Somehow I Can’t Find This In The Mainstream Media

Yesterday The Washington Examiner posted an editorial about a recent action by the Trump administration.

The editorial notes:

We’ve been told by supposed left-wing gay and transgender rights advocates, such as the oddly-named Human Rights Campaign, that President Trump is the “most anti-LGBTQ president ever.” The same activists also recently said that Mike Pence is the most “anti-LGBTQ” vice president in American history — yes, seriously. Apparently, we’re actually supposed to believe that the men who occupied the Oval Office during the 19th century were much more woke than Trump and Pence.

But anyway, deranged critics who overlook the positive parts of Trump’s gay rights record are going to have a hard time criticizing the latest move from the Trump administration’s Department of Health and Human Services — although something tells me they will rise to the challenge.

According to Bloomberg Law, HHS began free distribution of the HIV prevention drug Truvada on Monday in honor of World AIDS Day. This health initiative is possible because the Trump administration secured a donation from Truvada manufacturer Gilead for enough medication to cover 200,000 people. This all comes as a part of Trump’s pledge to make HIV prevention medication available for half of the at-risk population by 2025, Bloomberg Law reports.

The editorial concludes:

These aren’t exactly the actions of an anti-gay bigot. Of course, anyone can get HIV, and anyone can benefit from this health initiative, but there’s no doubt that this issue disproportionately affects gay and transgender people. Yet actually, for any level-headed observer, it really shouldn’t be much of a surprise to see the Trump administration actively focused on and working to address issues facing the gay community.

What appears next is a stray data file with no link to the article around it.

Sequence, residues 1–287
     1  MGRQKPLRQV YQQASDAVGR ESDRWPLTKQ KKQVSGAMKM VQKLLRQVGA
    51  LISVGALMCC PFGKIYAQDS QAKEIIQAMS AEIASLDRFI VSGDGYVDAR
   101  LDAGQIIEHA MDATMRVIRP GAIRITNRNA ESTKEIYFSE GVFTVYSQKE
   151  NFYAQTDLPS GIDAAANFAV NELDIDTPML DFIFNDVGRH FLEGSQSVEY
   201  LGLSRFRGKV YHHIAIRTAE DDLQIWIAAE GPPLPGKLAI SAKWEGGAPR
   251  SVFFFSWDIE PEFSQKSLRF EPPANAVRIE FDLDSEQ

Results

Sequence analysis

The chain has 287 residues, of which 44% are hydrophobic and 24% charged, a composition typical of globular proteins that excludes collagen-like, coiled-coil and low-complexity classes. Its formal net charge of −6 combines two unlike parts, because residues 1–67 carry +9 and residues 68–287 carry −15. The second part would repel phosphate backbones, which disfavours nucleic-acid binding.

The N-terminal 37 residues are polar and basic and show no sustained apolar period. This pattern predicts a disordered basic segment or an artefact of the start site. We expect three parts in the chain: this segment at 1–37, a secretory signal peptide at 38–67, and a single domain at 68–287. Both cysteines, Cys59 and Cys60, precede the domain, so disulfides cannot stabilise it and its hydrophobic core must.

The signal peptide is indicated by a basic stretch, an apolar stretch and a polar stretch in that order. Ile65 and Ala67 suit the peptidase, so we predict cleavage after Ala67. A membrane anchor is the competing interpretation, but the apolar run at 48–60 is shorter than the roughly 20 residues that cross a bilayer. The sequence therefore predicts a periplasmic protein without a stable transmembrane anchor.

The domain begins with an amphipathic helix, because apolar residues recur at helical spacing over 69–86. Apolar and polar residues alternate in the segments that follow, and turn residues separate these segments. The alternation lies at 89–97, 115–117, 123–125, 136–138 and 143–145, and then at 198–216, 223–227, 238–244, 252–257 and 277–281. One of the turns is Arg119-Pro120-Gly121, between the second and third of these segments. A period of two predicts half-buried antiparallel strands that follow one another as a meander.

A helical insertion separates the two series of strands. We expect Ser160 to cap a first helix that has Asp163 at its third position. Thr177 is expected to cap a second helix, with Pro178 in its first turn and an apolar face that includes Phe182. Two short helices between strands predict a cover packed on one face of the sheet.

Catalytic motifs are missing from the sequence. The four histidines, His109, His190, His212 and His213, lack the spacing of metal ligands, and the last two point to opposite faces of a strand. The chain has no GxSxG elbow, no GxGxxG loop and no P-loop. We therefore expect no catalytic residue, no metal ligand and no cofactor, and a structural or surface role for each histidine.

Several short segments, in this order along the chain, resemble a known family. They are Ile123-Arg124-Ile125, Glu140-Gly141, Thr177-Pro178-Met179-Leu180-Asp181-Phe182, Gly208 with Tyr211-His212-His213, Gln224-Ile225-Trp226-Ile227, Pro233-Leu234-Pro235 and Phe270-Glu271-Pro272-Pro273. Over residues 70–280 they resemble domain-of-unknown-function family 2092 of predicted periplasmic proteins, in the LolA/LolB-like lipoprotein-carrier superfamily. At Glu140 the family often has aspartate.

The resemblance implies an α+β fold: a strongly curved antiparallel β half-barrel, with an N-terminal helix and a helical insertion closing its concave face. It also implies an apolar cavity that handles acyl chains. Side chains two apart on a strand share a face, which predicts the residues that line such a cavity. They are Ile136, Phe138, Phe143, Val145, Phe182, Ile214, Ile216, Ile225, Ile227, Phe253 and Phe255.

As far as Republicans go, Trump has been arguably the most pro-gay president in history. He openly supports same-sex marriage, and unlike Obama, he supported it when he entered office. His administration has launched an international initiative seeking to decriminalize homosexuality worldwide, and he has appointed gay and lesbian people to high-ranking positions and judicial nominations.

Of course, no one is really saying the Trump administration’s record on issues of gay and transgender rights is perfect. It’s not. But the president’s left-wing critics need to rein in their obnoxious hyperbole and constant catastrophizing on gay rights issues. Until they do, no one should take them seriously.

What those accusing President Trump of being an anti-gay bigot don’t understand is that he seems to hold an almost libertarian view on homosexuality. He supports the rights of Christians to practice their faith, but also supports the rights of gays to their lifestyle. Because of that, he gets criticized from both sides.

Giving Credit Where Credit Is Due

The legacy for George W. Bush won’t really be written for a number of years. I suspect President Bush will remain a controversial character because he was not a fiscal conservative and because of the war in Iraq. However, there is one very positive aspect of his presidency that he is rarely given credit for.

On Monday, the Washington Post posted an article about President Bush’s role in helping fight AIDS in Africa. In his 2003 State of the Union address, President Bush stated, “Tonight I propose the Emergency Plan for AIDS Relief, a work of mercy beyond all current international efforts to help the people of Africa. This comprehensive plan will prevent 7 million new AIDS infections, treat at least 2 million people with life-extending drugs and provide humane care for millions of people suffering from AIDS and for children orphaned by AIDS.”

The President then worked to make those words come true. President Bush launched The President’s Emergency Plan for AIDS Relief (PEPFAR).

The article reports:

PEPFAR gathered the support of an odd coalition. Its congressional sponsors included Rep. Henry Hyde (R-Ill.), a pro-life leader, and Rep. Barbara Lee (D-Calif.); Senate Republican Leader Bill Frist of Tennessee and Sen. John Kerry (D-Mass.). Religious conservatives joined with traditionally liberal health organizations to push for the measure. It was signed into law four months after it was announced.

Implementation was swift, under a theory that PEPFAR’s first administrator, Ambassador Randall Tobias, described as “Ready, fire, aim.” By late 2005 — with the help of PEPFAR and the Global Fund to Fight AIDS, Tuberculosis and Malaria — there were about 800,000 people on treatment. That number today is more than 5 million.

Because of a few words in the State of the Union address and the willingness to put those words into practice, millions of people are alive today. That is impressive.Enhanced by Zemanta